Bell Accepts Phytobiomes Asst Prof Position
Posted: October 4, 2016
Dr. Terrence Bell will join Penn State’s Department of Plant Pathology and Environmental Microbiology (PPEM) as Assistant Professor of Phytobiomes starting February 1, 2017. The phytobiome is a relatively new field of research inquiry in which plants and their many associated microorganisms are considered as distinct, yet interdependent, entities which interact with the environment. Phytobiome research has been fueled by new high-throughput sequencing technologies.
Dr. Bell is a postdoctoral fellow at Cornell University and is funded by the Atkinson Center for a Sustainable Future. His research focuses on the application of high-throughput sequencing technologies to illuminate in the context of human-caused disturbances the dynamics of plants and microorganisms and on guiding the development of microbiomes that enhance plant health in the context of agriculture and soil remediation. He is particularly interested in why introduced microorganisms (such as bioinoculants) succeed or fail in different biotic and abiotic contexts.
Dr. Bell received a bachelor’s degree in biology from Queen’s University in Kingston, Canada, and a master’s degree in biology (specializing in ecology and evolution) from the University of Western Ontario in London, Canada. He earned his doctorate in natural resource sciences (specializing in environmental microbiology) at McGill University in Montreal, working on contaminated samples from throughout the Arctic, with fieldwork concentrated at Canadian Forces Station (CFS)-Alert, Nunavut, the most northern permanently inhabited site in the world.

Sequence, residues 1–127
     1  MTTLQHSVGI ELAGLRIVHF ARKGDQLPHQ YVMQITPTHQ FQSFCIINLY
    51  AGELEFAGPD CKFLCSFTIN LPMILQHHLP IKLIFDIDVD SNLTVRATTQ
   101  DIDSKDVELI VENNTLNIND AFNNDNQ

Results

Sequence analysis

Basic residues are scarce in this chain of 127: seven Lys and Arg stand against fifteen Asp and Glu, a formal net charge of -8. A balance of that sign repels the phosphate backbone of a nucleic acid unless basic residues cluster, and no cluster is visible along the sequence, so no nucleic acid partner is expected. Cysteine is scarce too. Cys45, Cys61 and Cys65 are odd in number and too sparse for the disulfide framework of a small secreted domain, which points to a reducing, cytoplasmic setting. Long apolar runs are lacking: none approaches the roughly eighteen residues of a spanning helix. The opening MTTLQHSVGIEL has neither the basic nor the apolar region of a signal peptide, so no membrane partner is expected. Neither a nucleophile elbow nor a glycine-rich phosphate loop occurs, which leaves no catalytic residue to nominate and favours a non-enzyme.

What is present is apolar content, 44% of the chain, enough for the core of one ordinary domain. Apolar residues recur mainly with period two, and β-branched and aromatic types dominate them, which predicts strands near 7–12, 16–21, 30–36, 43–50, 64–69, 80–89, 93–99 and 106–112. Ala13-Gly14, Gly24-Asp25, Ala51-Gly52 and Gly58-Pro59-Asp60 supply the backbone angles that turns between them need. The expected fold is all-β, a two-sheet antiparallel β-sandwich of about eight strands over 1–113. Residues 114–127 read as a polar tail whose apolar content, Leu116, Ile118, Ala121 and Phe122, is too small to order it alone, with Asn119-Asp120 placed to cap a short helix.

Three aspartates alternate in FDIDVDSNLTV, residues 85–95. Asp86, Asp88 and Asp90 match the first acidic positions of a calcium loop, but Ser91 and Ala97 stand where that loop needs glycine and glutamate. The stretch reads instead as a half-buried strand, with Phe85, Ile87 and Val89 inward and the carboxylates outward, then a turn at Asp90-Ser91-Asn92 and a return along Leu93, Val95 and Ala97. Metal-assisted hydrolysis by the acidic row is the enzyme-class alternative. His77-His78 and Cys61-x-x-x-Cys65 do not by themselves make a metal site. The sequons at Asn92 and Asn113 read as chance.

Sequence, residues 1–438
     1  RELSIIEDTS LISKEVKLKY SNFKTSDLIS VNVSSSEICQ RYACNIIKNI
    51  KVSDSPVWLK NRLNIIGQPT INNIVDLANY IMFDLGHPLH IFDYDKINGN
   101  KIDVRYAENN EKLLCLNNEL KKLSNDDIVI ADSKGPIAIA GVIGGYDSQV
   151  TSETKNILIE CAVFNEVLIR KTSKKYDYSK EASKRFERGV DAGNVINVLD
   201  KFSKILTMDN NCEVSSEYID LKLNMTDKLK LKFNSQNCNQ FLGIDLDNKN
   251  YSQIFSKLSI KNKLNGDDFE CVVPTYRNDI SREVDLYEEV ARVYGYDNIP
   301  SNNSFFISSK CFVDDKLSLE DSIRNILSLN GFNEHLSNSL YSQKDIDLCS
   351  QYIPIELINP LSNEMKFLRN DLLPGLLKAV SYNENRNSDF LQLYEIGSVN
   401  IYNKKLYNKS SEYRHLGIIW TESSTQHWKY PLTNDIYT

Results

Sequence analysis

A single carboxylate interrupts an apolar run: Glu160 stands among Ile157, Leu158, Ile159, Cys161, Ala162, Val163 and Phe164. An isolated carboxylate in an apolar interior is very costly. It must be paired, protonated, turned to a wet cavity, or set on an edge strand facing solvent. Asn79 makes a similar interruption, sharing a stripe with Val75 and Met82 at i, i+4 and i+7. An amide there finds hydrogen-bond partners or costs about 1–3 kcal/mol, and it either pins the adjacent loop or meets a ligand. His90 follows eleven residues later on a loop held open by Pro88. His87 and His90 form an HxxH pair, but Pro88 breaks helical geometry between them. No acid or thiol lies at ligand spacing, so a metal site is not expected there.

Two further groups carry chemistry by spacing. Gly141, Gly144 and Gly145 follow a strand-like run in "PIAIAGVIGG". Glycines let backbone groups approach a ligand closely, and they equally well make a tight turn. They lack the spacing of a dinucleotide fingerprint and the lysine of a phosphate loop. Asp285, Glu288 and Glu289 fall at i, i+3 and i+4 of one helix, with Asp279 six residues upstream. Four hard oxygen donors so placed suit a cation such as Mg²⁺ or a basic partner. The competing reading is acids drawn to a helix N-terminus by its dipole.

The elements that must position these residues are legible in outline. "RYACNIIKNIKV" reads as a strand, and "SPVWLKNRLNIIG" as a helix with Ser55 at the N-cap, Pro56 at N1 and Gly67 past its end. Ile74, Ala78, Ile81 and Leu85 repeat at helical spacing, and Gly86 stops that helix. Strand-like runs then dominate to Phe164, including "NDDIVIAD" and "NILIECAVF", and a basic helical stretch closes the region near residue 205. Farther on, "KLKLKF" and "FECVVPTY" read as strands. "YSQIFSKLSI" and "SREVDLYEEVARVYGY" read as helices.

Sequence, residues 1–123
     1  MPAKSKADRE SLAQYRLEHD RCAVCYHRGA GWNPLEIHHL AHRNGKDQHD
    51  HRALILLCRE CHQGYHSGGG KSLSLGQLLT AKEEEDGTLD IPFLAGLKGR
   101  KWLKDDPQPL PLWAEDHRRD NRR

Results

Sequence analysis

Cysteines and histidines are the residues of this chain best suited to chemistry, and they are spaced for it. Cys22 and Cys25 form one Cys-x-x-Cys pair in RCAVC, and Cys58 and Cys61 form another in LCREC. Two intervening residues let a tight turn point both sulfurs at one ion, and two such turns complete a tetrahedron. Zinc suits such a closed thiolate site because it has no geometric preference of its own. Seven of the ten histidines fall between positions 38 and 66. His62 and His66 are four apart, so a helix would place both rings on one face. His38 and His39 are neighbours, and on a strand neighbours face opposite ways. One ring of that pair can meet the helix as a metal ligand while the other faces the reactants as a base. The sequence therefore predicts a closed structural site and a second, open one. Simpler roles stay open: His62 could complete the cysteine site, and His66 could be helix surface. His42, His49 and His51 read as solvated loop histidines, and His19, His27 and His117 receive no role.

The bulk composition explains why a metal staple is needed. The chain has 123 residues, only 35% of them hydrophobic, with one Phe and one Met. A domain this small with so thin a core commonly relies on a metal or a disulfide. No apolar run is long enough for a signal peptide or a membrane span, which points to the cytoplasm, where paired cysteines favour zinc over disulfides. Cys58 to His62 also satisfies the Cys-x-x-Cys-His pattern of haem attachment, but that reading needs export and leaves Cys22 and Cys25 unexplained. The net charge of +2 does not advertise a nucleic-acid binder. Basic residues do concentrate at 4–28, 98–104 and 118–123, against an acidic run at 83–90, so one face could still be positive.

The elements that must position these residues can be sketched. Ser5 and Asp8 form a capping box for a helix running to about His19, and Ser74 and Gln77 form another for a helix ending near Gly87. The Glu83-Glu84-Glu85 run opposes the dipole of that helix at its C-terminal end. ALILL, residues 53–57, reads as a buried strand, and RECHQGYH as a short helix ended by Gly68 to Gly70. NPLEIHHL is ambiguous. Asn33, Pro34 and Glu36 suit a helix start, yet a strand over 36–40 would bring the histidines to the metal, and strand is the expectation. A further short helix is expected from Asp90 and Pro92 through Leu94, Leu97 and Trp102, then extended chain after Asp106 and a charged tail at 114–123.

Before moving to the Department of Horticulture at Cornell, Dr. Bell worked as a postdoctoral fellow at the Montreal Botanical Gardens (affiliated with l’Université de Montréal). He worked within a large collaborative project (GenoRem) that focused on accelerating the effectiveness of phytoremediation by combining multiple high-throughput sequencing-based approaches.
PPEM is excited to have Dr. Bell join Penn State because he values teaching and mentoring. He recently developed a course on microbiomes that he hopes to expand and adapt for Penn State’s new university-wide Microbiome Initiative spearheaded by the College of Agricultural Sciences and the Huck Institutes of the Life Sciences.